Emerging uses of large-scale remote sensing in tropical forest monitoring


Emerging uses of large-scale remote sensing in tropical forest monitoring

Wed, July 13, 10:30 - 12:30 hrs, Room: 302


David Gibbs, Samantha Hill

This symposium explores emerging uses of remote sensing of forests across large scales, including biodiversity, carbon, repeated forest loss, forest intactness, infrastructure detection, and climate change impacts.

Remote sensing has become an important tool for tropical forest biology and conservation because it allows the collection of data over large areas. Although remote sensing is well known for mapping land cover, land cover change, and select ecosystem properties, it has many other potential uses for understanding forest ecosystems and advancing conservation. In this symposium, we will explore uses of remote sensing of forests at large scales to gain insights into forest condition, changes, and threats. The presentations and discussion will share the same general research approach (remote sensing, often in conjunction with other geospatial data) but be topically diverse; applications of remote sensing we will cover include monitoring biodiversity and forest intactness, measuring changes in carbon stock, detecting road expansion, characterizing repeated forest loss, and detecting changes in forest health due to climate change. The goal of this symposium is to illustrate the broad range of uses for remote sensing in forests, including topics which are generally not thought of being as amenable to remote sensing, and demonstrate its value as a conservation tool across large areas for scientists and conservation practitioners with a variety of interests. We will focus on remote sensing at the continental, tropical, and global scales, as opposed to national or sub-national studies, because the applications of remote sensing we will discuss are more novel at larger scales and demonstrate the scalability of these emerging approaches. This symposium will interest anyone who is interested in large-scale monitoring of forests, spatial patterns of ecosystem services from forests or threats to forests, or applications of remote sensing. Including a range of uses of remote sensing will allow attendees to gain a broader sense of the current successes and limitations of remote sensing at large scales and what future advances may enable. Discussion following the presentation will focus on these topics.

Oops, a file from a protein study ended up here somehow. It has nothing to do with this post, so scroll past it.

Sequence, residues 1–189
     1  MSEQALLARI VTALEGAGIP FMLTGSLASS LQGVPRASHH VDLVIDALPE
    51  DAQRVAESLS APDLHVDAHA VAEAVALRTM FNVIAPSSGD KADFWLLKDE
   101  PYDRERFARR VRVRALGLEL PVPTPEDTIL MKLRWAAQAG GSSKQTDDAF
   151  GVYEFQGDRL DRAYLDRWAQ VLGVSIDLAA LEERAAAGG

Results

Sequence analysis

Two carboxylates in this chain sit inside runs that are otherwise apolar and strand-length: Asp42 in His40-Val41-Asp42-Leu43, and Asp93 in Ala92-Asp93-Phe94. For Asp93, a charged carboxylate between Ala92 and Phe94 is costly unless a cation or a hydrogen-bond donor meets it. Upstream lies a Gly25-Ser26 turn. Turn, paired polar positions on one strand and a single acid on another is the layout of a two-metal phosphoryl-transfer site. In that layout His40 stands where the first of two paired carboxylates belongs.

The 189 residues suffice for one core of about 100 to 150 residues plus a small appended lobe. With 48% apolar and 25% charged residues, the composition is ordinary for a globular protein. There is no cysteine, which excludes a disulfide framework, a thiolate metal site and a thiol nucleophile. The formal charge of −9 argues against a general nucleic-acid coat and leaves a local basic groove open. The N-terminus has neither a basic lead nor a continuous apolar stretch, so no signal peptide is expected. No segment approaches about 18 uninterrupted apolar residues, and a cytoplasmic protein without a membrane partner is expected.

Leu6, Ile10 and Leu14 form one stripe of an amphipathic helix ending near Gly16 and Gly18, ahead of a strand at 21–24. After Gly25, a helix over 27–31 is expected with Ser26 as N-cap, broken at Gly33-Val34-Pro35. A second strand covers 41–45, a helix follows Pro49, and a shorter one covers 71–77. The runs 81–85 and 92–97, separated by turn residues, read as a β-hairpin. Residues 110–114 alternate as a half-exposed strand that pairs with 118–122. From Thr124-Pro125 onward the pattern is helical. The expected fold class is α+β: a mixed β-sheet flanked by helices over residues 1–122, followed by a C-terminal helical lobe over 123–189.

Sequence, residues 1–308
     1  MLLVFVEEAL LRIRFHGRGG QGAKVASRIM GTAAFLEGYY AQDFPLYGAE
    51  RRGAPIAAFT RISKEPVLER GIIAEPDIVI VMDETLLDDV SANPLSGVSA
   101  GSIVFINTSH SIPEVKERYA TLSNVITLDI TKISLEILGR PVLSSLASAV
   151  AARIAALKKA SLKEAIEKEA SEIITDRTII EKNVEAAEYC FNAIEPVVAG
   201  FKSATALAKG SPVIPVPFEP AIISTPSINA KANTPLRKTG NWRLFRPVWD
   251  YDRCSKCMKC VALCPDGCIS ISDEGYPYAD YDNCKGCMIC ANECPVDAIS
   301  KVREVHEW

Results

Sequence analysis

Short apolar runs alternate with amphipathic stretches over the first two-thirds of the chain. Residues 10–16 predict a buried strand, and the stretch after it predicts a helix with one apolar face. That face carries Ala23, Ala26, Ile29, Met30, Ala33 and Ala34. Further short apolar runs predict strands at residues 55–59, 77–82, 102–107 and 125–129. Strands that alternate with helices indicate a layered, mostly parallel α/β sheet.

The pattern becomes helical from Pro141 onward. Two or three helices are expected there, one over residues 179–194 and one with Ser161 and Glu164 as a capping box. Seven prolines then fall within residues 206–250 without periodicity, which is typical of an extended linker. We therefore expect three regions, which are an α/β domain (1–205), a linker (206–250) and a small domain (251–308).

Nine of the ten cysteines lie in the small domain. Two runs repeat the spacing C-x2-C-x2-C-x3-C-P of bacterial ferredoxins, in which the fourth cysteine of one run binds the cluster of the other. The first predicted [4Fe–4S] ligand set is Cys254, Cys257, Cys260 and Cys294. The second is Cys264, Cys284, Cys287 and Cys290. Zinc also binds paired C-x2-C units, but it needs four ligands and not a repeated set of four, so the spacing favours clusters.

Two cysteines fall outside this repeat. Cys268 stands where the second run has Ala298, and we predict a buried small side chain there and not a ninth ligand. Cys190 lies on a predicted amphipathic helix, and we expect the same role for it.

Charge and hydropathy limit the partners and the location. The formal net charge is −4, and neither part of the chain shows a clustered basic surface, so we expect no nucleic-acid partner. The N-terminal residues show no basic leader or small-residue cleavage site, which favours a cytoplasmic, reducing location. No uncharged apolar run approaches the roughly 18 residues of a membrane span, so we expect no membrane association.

Applications of airborne LiDAR and RGB imagery to track the impacts of climate change on forests
David Coomes*, Jonathan Williams, Tom Swinfield and Elva Gemita

Detecting Infrastructure Growth Through High Cadence Satellite Imagery
Justin Davis*

Project AMAZECO: Covering the Amazon with an Ecosystem Structure Essential Biodiversity Variables (EBV) product combining satellite and airborne LIDAR
Ruben Valbuena*, Danilo Almeida, Mauro Assis, Caio Hamamura, Carine Klaubert, Eric Gorgens, Jean Ometto, Michael Keller and Carlos Silva

Novel approaches to the assessment of forest biodiversity status through the use of remote sensed products
Samantha Hill, Andy Arnell*, Lera Miles and Susana Baena

Tropical forest carbon dynamics in the 21st century
Sassan Saatchi*

Landsat Data Archive: Global Applications for Natural Resource Management and Conservation
Peter Potapov*, Svetlana Turubanova, Matthew Hansen, Amy Pickens, Alexandra Tyukavina, Viviana Zalles, Xinyuan Li, Ahmad Khan and Andres Hernandez-Serna